ITA -- Paraguayan soil is a dark, rich red, the same ferrous color that stained my white socks when I visited Mississippi as a boy. Since I have never dug up a human body here before -- much less one belonging to a fugitive Nazi -- I can only guess how red a corpse's bones should be. According to Hugh Thomas, one of the most serious proponents of the theory that Reichsleiter Martin Bormann died in Paraguay in 1959 and was secretly disinterred and brought to Berlin, the Bormann bones found in Berlin in 1972 had a distinct red sheen, the telltale tattoo of their brief stay here in the municipal cemetery of Ita.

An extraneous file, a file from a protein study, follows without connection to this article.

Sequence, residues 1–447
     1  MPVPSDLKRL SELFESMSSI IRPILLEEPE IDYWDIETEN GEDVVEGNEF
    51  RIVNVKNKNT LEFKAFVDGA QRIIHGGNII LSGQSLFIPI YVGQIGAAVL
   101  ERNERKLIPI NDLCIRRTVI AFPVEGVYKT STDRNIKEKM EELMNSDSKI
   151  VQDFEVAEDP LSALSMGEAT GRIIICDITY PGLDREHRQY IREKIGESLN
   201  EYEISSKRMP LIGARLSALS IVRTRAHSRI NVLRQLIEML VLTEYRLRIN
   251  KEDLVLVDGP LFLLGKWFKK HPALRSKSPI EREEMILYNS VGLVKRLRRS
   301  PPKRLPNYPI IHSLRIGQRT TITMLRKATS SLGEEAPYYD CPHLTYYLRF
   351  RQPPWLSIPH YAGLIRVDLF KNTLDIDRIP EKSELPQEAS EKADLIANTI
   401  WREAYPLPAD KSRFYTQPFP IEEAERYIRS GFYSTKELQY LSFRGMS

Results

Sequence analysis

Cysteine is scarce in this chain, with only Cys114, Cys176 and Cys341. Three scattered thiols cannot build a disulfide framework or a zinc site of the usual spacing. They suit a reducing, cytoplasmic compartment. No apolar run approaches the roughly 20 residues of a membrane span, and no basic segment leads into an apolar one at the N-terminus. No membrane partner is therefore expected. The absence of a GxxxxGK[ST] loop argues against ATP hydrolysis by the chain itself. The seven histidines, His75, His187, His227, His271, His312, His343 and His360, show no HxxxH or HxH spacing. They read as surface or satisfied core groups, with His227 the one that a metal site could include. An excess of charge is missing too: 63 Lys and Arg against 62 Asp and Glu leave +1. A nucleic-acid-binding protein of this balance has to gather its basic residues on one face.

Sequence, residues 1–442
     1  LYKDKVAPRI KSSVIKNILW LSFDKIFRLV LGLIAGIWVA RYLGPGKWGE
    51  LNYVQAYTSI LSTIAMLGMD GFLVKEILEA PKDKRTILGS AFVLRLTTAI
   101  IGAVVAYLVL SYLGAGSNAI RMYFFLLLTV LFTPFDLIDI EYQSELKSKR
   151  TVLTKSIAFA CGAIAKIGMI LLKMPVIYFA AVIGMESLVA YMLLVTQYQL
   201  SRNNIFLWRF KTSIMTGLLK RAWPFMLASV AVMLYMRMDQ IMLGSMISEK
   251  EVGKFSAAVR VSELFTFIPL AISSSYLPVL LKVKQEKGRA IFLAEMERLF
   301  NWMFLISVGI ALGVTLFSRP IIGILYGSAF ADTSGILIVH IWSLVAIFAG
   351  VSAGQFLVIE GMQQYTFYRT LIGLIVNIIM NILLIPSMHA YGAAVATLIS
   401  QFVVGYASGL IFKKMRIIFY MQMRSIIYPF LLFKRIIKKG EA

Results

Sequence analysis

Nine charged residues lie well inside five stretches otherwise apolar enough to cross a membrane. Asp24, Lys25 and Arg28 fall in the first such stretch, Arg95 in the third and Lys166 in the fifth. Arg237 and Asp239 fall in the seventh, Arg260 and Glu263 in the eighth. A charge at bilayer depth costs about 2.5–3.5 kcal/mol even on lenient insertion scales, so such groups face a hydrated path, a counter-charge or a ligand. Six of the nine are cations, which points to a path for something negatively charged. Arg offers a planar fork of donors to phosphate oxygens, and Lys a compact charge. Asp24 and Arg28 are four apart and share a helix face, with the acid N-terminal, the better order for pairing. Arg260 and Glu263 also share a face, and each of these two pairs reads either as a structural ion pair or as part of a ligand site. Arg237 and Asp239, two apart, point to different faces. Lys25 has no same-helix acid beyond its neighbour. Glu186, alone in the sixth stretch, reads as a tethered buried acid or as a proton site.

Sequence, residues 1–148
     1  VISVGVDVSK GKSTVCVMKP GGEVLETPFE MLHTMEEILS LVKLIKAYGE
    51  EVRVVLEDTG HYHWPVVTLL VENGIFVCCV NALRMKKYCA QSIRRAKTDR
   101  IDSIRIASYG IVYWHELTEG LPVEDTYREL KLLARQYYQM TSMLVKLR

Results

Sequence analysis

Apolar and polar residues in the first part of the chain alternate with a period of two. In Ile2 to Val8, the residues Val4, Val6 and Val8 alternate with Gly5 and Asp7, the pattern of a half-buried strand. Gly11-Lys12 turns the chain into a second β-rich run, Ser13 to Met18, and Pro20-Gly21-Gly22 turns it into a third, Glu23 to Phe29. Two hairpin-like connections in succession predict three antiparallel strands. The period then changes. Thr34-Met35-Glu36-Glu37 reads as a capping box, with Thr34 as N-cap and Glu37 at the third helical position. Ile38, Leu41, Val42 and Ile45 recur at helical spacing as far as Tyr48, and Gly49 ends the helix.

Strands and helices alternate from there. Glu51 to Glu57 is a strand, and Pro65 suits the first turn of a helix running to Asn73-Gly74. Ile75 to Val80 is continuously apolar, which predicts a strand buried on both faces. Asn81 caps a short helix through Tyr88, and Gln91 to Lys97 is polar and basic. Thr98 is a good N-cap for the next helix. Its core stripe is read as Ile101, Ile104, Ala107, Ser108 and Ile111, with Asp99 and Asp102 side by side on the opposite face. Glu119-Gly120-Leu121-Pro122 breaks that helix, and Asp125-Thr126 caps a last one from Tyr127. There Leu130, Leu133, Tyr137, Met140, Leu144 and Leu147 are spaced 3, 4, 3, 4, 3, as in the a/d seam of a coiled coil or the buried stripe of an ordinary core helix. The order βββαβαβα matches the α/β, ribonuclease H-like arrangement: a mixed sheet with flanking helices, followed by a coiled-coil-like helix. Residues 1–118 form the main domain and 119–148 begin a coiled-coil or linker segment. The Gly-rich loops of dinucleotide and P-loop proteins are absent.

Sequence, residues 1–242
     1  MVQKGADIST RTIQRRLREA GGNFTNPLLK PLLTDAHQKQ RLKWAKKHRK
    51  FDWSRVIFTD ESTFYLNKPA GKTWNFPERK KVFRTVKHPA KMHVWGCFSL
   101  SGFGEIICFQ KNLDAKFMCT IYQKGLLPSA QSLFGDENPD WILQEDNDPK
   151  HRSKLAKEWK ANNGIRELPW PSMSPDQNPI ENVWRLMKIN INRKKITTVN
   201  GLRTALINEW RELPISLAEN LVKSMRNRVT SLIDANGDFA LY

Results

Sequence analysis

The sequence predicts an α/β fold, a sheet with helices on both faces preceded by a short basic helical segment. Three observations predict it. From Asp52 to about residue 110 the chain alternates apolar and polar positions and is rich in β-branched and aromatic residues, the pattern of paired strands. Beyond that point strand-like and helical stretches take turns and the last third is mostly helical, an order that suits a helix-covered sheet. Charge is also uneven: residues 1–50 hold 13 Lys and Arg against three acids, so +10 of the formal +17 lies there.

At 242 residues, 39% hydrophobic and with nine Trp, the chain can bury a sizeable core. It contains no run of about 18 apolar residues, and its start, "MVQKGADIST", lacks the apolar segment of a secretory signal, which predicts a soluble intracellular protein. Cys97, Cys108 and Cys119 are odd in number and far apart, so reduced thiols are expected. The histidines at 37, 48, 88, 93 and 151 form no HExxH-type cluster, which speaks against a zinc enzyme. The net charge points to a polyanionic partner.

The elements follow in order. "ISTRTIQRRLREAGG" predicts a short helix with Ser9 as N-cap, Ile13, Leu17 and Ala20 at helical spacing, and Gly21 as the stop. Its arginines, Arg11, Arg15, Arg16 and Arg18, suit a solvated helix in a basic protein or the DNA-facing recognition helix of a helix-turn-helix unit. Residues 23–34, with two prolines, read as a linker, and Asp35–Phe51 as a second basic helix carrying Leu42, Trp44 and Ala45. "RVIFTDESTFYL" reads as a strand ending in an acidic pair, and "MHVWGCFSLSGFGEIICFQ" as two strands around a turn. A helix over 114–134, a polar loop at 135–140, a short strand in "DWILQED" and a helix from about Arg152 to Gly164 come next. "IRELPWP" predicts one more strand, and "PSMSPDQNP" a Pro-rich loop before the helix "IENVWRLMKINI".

A characteristic of paupers' graves is (to adopt the language of my browser) a high refresh rate. The bodies are buried with minimal obsequies and markings that fade fast: instead of a headstone, a light wooden cross with a name in paint or magic marker; or instead of a big carved rock, a wafer-thin one that the gravediggers can eventually yank from the ground and lean against a fence somewhere. The cemetery in Ita has many permanent graves -- some could last centuries -- but among them, crammed in, are others that will almost certainly be forgotten and reused within a decade or two. Petite brick shrines barely a decade old are partly reduced to rubble because someone bumped into them when trying to pass by a narrow lane of graves. Still less permanent are body-shaped sunken pits, adorned with withered wreaths or nothing at all. The soil is moist, so the corpses suck at my boots as I walk over them.